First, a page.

What Does the ‘Check Engine Light’ Mean?

By Angela Monroe - September 9, 2020

What-does-the-check-engine-light-mean

PANIC! Is usually the first thing drivers think when they see the check engine light. This is often followed by fears of extreme wallet damage. But what does it mean for your car and what are you supposed to actually check?

We investigate the perceived ‘icon of death’: the check engine light.

What are you supposed to check?

man sitting on car bonnet

When the check engine light comes on, it doesn’t really mean open your bonnet and look at the engine. Modern cars have countless sensors which monitor things like exhaust temperature, oil pressure and temperature, air / fuel mix, oxygen, camshaft, wheel speed… in other words, a whole lot of stuff.

Depending on make, model and year of manufacturer, the check engine light means connecting your car to a diagnostic tool to see what fault codes it displays.

A what tool?

A diagnostic tool is a handheld device that, depending on the vehicle, plugs into a port located under the dashboard. The device will display error codes on a screen allowing the user to quickly diagnose the problem with the car first indicated by the check engine light. 

What are these ‘codes’?

As modern engines are extremely complicated, it takes a professional to understand and correctly repair the fault. An example of a fault code is: “P0131”. Not much help to your average motorist. This means a sensor problem but do you replace the actual sensor causing the code or is it a side effect of something more serious?

Did You Know? In 1996, automakers began to standardise their fault codes in a universal language. This language is called OBD-II.

Common reasons for a check engine light:

Woman looking at codes

There are hundreds, if not thousands of reasons why the check engine light can come on. However, some reasons are more common than others. Note that the codes aren’t ‘black and white’, they can mean a side effect or part of a large problem. Here are some of the most common:

1: Faulty oxygen sensor

The O2 sensor is tasked with measuring oxygen in the exhaust to allow the engine control unit to adjust the air / fuel ratio correctly.

OBD-II code: P0420

2: Mass airflow sensor fault

This guy’s job is to measure the air coming into the engine. They are found behind or after your car’s air filter. Like the oxygen sensor above, they play a role in the air / fuel mixture.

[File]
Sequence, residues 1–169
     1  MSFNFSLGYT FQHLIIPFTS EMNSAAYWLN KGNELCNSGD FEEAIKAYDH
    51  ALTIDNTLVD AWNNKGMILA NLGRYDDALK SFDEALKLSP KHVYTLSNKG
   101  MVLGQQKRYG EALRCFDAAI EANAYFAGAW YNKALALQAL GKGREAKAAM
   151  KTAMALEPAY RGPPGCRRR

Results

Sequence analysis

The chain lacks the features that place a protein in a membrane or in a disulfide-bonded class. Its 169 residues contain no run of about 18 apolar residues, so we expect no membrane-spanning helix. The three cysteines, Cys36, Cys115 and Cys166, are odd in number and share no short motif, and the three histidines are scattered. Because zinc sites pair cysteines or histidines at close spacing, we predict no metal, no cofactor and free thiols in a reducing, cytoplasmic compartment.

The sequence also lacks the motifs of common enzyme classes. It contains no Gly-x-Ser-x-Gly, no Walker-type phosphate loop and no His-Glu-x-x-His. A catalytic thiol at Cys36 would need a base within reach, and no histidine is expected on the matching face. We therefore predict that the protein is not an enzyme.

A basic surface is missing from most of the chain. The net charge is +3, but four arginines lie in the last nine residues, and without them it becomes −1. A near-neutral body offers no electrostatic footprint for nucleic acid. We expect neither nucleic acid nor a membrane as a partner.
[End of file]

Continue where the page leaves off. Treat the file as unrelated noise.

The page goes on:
OBD-II code: P0101

3: Loose petrol cap

Easy to fix, but obviously dangerous. This fault can result in incorrect pressure in the tank and debris like dust or even rain water getting into the fuel. 

OBD-II code: P0440 (this can also indicate a fuel leak)

4: Spark plug / ignition coil issues

This indicates a problem with your car’s spark it generates to ignite the fuel in the cylinders. It might mean replacing your spark plugs or something or an electrical fault.

OBD-II code: P2335

5: Vacuum leak

Cars have vacuum systems that perform numerous functions. The brake booster and harmful emissions control are examples. These problems are usually cheap to replace but expensive to locate as cars have a lot of vacuum hoses.

OBD-II code: P2279 

What should you do if your car’s check engine light comes on?

mechanic looking at suspension

If your car displays the check engine light, your best bet is to drive it gently and carefully to a professional mechanic to be correctly diagnosed. Checking the basics like your fuel cap, any visible smoke from the exhaust or loose connections in the engine bay are a good idea too.

A more serious consequence of the check engine light is the infamous ‘limp home mode’.

‘Limp home mode’ means the car is in a safety mode to reduce more damage. Less important things like air conditioning will often turn off the car will significantly reduce the speed and power of the engine. 

Seek professional advice as soon as your check engine light comes on.

Looking at buying a used car? Test drive it like a pro and make sure the check engine light isn’t on.

End of the Day

woman driving and smiling

If you give your car a regular spring clean and know the red flags, you’ll know what to look out for and avoid serious damage and seriously expensive repair costs. Like with most things, the better you take care of it, the less risk of problems you’ll have.

Angela Monroe
Angela Monroe is the Community Manager at The Positive Group, specialising in giving people the information that they need when they need it, and putting you on the path to a fair financial future. She has 8 years of experience in helping Australians find the right finance solutions, and regularly contributes articles to empower Australians with the knowledge they need to become financially healthy.

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